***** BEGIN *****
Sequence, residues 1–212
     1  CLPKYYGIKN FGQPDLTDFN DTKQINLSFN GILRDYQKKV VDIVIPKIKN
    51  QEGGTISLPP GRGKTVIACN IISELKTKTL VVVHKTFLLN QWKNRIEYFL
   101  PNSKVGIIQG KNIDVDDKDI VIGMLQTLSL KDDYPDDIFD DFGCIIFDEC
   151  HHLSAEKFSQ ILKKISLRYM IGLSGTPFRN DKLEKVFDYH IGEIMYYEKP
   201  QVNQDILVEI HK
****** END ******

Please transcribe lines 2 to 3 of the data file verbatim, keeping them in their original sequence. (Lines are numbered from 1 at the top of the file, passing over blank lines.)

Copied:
     1  CLPKYYGIKN FGQPDLTDFN DTKQINLSFN GILRDYQKKV VDIVIPKIKN
    51  QEGGTISLPP GRGKTVIACN IISELKTKTL VVVHKTFLLN QWKNRIEYFL